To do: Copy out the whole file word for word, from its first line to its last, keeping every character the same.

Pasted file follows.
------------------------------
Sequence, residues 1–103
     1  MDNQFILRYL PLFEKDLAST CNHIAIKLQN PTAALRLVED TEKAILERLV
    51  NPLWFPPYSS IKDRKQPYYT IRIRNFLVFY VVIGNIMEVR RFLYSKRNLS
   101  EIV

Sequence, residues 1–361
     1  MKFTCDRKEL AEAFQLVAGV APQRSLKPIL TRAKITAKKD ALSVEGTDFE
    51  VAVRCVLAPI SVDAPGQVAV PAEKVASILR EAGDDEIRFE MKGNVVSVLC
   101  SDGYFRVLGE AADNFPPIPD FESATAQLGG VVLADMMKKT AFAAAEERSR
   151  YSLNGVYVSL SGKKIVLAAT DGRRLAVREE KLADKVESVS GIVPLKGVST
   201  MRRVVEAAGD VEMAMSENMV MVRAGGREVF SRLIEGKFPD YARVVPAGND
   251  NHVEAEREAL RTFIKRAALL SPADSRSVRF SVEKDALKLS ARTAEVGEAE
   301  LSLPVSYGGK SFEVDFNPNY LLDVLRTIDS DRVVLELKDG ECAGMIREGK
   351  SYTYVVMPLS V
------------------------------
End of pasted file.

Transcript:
Sequence, residues 1–103
     1  MDNQFILRYL PLFEKDLAST CNHIAIKLQN PTAALRLVED TEKAILERLV
    51  NPLWFPPYSS IKDRKQPYYT IRIRNFLVFY VVIGNIMEVR RFLYSKRNLS
   101  EIV

Sequence, residues 1–361
     1  MKFTCDRKEL AEAFQLVAGV APQRSLKPIL TRAKITAKKD ALSVEGTDFE
    51  VAVRCVLAPI SVDAPGQVAV PAEKVASILR EAGDDEIRFE MKGNVVSVLC
   101  SDGYFRVLGE AADNFPPIPD FESATAQLGG VVLADMMKKT AFAAAEERSR
   151  YSLNGVYVSL SGKKIVLAAT DGRRLAVREE KLADKVESVS GIVPLKGVST
   201  MRRVVEAAGD VEMAMSENMV MVRAGGREVF SRLIEGKFPD YARVVPAGND
   251  NHVEAEREAL RTFIKRAALL SPADSRSVRF SVEKDALKLS ARTAEVGEAE
   301  LSLPVSYGGK SFEVDFNPNY LLDVLRTIDS DRVVLELKDG ECAGMIREGK
   351  SYTYVVMPLS V